Is This How Art Galleries Will Look In 2030?

An exhibition at the Royal Academy of Arts in London shows the potential of VR in art.


When King George III founded London’s Royal Academy of Arts in 1768, he probably couldn’t imagine that one day students of his school would be drawing in an entirely virtual world, connected to reality via a bizarre helmet and some odd black ropes.


But fast forward to 2017, and he would have found just that. Inside one of the school’s staid galleries, a green-screen booth obscures the view of The Leaping Horse, a masterpiece by the famed landscape painter John Constable. A work by the 19th century Scottish painter David Wilkie is punctuated by a 3D-printed sinuous sculpture.

It’s an apt juxtaposition, according to Mark Hampson, the head of fine art processes at the Royal Academy. “It’s slightly irreverent,” he says. “In many ways that fits our description of the school–the contemporary informed by the historic.”

The HTC Vive system [Photo: HTC]

Hampson is the curator of a new exhibition called Virtually Real, for which HTC Vive commissioned three immersive worlds and three physical sculptures from Royal Academy students and recent graduates–providing them with full virtual reality headsets and all the tools they needed to create art in VR.

Three artists, Jessy Jetpacks, Adham Faramawy, and Elliot Dodd, each spent 10 months experimenting with HTC’s hardware and VR software like Kodon and Tilt Brush. At the resulting exhibition, which opened on January 12, visitors can view the artists’ final pieces in the gallery spaces, as well as explore and even make additions to their VR worlds using a headset.

Tilt Brush [Photo: Google]

The opportunity to work with VR is a historic first for the school, and Hampson believes a first for any art school in the U.K. Still–true to his background as a physical artist–Hampson is more excited about the physical sculptures than the immersive elements of the installation, because they’re truly manifestations of their makers’ virtual worlds, 3D printed and then hand-finished from there. “Something physical, actual, has come out of the technology in a way that’s never been done before,” he says.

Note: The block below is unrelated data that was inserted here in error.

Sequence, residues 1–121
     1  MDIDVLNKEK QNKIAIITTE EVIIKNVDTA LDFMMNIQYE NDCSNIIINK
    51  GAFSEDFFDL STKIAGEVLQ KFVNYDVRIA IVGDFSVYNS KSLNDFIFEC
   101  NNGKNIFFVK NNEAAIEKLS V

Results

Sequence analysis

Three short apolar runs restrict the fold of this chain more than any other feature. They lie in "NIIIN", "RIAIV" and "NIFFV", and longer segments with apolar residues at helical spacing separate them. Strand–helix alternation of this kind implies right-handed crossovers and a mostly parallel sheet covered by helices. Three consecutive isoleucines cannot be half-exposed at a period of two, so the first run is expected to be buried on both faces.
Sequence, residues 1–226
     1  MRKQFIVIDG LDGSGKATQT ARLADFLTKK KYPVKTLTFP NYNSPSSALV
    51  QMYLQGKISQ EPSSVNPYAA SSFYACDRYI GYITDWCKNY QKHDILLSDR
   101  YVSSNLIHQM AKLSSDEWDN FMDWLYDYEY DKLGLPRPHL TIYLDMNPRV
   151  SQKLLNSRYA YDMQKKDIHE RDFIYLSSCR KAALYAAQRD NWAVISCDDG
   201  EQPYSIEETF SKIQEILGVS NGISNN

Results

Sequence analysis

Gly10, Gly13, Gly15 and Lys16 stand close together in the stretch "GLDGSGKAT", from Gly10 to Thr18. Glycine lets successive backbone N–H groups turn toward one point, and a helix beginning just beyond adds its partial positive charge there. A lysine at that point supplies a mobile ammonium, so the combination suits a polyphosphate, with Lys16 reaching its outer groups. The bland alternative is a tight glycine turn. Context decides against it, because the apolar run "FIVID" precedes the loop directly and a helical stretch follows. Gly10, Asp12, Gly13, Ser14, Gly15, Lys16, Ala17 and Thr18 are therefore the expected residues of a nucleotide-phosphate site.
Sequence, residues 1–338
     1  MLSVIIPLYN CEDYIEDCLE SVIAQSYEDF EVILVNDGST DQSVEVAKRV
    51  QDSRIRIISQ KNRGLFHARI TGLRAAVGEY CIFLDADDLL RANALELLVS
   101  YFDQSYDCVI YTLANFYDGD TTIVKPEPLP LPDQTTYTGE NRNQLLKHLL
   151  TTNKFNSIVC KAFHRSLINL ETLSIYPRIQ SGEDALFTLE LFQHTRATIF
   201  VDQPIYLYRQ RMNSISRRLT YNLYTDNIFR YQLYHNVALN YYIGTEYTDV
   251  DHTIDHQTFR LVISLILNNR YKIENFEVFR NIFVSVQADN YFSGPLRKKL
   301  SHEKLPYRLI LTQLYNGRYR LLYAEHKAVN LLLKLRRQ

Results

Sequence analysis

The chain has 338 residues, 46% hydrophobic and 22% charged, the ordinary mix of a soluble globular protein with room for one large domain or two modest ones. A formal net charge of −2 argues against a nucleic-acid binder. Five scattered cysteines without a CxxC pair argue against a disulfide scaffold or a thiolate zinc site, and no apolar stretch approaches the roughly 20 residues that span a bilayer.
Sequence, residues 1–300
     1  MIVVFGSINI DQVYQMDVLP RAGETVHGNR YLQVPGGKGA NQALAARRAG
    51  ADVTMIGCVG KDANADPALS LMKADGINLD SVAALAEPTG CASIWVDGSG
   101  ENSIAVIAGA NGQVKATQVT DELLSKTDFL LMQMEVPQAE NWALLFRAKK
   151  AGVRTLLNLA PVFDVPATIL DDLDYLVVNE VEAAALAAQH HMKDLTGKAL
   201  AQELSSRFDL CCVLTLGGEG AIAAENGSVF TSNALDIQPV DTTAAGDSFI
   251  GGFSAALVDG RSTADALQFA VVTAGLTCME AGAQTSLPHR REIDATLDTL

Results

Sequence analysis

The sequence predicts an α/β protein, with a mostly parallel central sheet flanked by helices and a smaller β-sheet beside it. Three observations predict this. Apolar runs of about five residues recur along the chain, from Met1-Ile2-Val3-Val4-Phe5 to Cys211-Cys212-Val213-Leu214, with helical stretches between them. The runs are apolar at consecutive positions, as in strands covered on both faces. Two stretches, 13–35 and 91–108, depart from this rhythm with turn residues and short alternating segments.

For instance, Faramawy’s piece looks like a mutant Henry Moore sculpture, a boulder conjured from cyberspace, printed out, and sanded down by hand, with a flatscreen TV jutting out of it. Dodd’s is a physical reconstruction of the main protagonist in the artist’s digital world; it looks like a grotesque cartoon with big frog-like eyes. Echoing the fossils of prehistoric insects, Jetpacks modeled two futuristic trilobites, which look like creatures that are either truly ancient, or have yet to walk the Earth. All three sculptures play with the surreal edge between physical and virtual reality, between history and future.

Including both physical and virtual art objects within the same gallery space is disjointed compared to conventional exhibitions, but Hampson believes that within the next 5 to 10 years we’ll be seeing much more streamlined virtual exhibitions where the virtual coexists with the real in the physical world, no headset needed. Even in the 10 months since the artists began using HTC’s equipment, the technology has changed considerably–on the request of the artists, the company made specific improvements to tech’s capabilities, enabling them to do things they’re used to doing while sculpting in the physical world, like joining two objects together or collaging images.

Adham Faramawy, Reclining nude with television, 2017

If–or when–Hampson’s vision for VR’s future in the art world comes to pass, he believes art museums and galleries will jump on the trend, especially because it’ll be less expensive than a more traditional physical show; once you have the equipment, you no longer need to pay as much for costly shipping and installation expenses. It’s easy to imagine VR, like so many other new technologies, will be hotly debated among artists: Some will be naysayers who claim art must be rooted somehow in the physical, while others will eagerly experiment. Ultimately, VR will become just another tool in the artist’s kit, a technology that will help them alter our perspective on the world on a fundamental level.

“In a way it’s almost making surrealism real, the idea that in walking through a landscape, you could visualize Dali’s melting watches or some other surreal intervention,” Hampson says. “I’m tempted to think it will alter perception.”

About the author

Katharine Schwab is the deputy editor of Fast Company's technology section. Email her at and follow her on Twitter @kschwabable